To learn more, go to http://www.darksunbrightmoon.com/



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Excerpt:

Chapter 1: A Small Sacrifice at Pachacamac

A priest knelt before her, a feather from his head-dress tickling her face. His musky odour of old incense and stale blood was rank, even here on the windy summit of the pyramid. Four other priests held her body tipped slightly forwards, and the pressure that this put on her tired old joints hurt far more than the fine, cold bite of the knife at her neck. Quick blood ran thick down her chin and splashed into the waiting bowl. Then the flow weakened, the strength went out of her and she died, content.

Seven elderly pilgrims had set out for Pachacamac, following their familiar river down to the coast and then trudging North through the desert sands. Two of the very oldest of them needed to be carried in litters, but most were able to walk with no more than a stick to help them in the sand. Lesser members of the community had been delegated to carry what was necessary. These would return home. The elderly would not.

The better-regarded families of the town were expected to die as was proper, sacrificed at the Pachacamac shrine for the betterment of the community. Such was to be their last contribution of ayni, of the reciprocity that assured communal harmony and health. It was also their guarantee of a smooth return to the community's soul, to the deep, impersonal structure from which they had sprung at birth.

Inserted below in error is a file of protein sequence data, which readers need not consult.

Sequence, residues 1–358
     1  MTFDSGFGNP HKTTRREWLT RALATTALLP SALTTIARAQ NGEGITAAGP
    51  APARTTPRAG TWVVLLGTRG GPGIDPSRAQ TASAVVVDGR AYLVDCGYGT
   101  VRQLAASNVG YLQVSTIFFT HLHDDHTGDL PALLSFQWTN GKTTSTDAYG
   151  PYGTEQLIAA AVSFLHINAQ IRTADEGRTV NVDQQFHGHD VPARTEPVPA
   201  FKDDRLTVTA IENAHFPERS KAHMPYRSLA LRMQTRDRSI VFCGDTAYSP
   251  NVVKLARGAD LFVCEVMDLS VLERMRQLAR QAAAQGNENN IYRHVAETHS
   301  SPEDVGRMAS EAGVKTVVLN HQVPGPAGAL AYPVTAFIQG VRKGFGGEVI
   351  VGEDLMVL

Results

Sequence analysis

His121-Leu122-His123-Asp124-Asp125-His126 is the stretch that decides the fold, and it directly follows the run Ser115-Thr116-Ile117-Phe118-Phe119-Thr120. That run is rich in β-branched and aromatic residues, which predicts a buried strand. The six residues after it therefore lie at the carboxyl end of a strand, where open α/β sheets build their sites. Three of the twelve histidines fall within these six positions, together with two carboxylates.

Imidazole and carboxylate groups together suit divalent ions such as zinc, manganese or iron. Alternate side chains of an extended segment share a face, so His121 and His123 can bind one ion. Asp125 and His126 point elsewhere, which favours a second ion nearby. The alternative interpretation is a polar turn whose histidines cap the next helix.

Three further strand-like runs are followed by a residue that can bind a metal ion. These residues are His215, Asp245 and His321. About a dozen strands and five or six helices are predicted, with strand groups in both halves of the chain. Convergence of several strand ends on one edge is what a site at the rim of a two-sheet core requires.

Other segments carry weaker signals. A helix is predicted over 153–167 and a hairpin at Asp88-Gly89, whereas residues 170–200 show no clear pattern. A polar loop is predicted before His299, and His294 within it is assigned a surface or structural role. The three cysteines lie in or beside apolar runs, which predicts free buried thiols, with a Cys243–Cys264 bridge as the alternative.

The Pachacamac complex appeared to them quite suddenly from amongst the coastal dunes. They paused to marvel at its mountain range of pyramids, its teeming myriad of ancient and holy shrines.

Over the millennia, one particular pyramid had come to process all of the pilgrims who came from their valley. They were duly welcomed, and guards resplendent in bronze and shining leather took them safely to its precinct.

They had been expected. The priests were kind, welcoming them with food and drink, helping the infirm, leading them all by easy stages up to the second-but-last tier in their great, ancient pyramid. The full extent of the meandering ancient shrine unveiled itself like a revelation as they climbed. Then, as whatever had been mixed with their meal took its effect, they were wrapped up snug in blankets and set to doze in the late evening sun, propped together against the warm, rough walls of the mud-brick pyramid. Their dreams were vivid, extraordinary, full of weight and meaning.